confused by fruits in Barcelona

Federico Escobar federicoescobarcordoba at GMAIL.COM
Sat May 15 00:34:33 UTC 2010

I can't answer the questions about Catalan, but the puzzlement you are
experiencing with fruit terms in Spanish is a common experience for speakers
of Spanish. The language is treacherously fragmented when it comes to food
vocabulary. It is difficult to have a fluid dialogue about food (and
clothing, but that's another matter) across regional boundaries, which can
exist within a same country in Latin America and notoriously between Latin
American countries and Spain. A single example will serve: in Spain, beans
are commonly called "judías"; in Colombia, they are called "fríjoles" (or
frijoles, with the accent on the penultimate syllable); in Puerto Rico, they
are called "habichuelas". If you try using these terms in different places,
you're likely to get puzzled looks or a whole different product.

Your instinct is right about "toronja", which does mean "grapefruit" in what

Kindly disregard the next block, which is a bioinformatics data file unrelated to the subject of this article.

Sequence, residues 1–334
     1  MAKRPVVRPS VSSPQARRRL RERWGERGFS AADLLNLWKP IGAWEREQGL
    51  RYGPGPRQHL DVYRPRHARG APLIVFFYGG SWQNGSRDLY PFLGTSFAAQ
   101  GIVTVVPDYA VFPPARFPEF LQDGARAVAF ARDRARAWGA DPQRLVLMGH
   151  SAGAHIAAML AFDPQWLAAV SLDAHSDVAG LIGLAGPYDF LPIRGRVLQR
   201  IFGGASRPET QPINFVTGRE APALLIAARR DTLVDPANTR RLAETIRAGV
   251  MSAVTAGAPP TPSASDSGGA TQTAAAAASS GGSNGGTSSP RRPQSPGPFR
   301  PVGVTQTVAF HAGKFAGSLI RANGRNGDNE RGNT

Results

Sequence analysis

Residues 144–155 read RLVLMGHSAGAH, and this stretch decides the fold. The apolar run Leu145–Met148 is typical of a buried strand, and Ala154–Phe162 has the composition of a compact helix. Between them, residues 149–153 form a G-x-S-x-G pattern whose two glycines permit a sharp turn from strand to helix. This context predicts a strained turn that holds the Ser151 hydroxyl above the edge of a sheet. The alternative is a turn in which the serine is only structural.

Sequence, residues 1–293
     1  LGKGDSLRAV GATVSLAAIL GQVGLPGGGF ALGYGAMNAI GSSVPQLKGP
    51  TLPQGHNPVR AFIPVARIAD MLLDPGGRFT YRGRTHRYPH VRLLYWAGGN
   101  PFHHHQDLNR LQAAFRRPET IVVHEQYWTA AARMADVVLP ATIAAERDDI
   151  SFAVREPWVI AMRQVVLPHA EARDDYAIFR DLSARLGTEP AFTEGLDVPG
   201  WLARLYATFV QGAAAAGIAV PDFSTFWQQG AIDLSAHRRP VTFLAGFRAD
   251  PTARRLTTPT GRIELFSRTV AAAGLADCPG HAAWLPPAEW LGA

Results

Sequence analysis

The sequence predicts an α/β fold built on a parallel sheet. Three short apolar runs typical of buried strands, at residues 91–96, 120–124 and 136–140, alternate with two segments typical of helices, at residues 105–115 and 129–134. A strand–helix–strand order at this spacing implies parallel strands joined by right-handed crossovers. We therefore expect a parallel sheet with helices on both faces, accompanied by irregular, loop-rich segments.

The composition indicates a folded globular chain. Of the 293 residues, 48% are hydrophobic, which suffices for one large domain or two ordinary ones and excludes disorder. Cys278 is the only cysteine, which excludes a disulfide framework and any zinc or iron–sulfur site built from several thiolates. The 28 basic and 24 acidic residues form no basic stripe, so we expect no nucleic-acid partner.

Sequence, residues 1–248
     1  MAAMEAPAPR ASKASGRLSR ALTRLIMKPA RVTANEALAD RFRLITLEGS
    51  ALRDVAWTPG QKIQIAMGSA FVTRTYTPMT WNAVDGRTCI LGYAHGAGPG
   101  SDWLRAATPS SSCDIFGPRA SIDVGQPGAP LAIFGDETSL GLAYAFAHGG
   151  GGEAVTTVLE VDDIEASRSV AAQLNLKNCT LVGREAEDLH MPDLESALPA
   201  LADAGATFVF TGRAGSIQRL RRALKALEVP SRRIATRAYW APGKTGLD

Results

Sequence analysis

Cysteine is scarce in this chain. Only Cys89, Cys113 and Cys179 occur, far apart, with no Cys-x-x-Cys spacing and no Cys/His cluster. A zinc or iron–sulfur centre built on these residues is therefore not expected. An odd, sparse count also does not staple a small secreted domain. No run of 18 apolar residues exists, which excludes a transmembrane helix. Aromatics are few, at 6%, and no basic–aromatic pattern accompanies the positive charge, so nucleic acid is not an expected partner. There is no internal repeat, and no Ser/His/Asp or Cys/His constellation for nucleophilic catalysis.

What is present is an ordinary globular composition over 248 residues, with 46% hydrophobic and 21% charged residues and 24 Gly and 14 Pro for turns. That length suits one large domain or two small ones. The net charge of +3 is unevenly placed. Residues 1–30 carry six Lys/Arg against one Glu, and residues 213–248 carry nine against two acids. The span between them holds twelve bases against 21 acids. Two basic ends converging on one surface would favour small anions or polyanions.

we could call normative Spanish. An official (state-funded) Catalan
translator reports "aranja" as the translation for "grapefruit" and
"taronja" as the translation for "orange." You can find the translator here:
And you can see what fertile ground there is for interfruit and
interlanguage confusion.


On Fri, May 14, 2010 at 3:55 PM, <ronbutters at> wrote:

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> Sender:       American Dialect Society <ADS-L at LISTSERV.UGA.EDU>
> Poster:       ronbutters at AOL.COM
> Subject:      confused by fruits in Barcelona
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> We are not alone with these problems. I just had dinner in a restaurant in
> Barcelona where "naranja" in Spanish was translated as "toronja" in
> Catalan--which  (if my memory is correct) means 'grapefruit' in Spanish.
> Further complicating matters, the Catalan word for 'grapefruit' is close in
> pronunciation (or so I was told) to "taronja" (somebody who knows these
> languages better than I do can perhaps sort out the spellings for me?).

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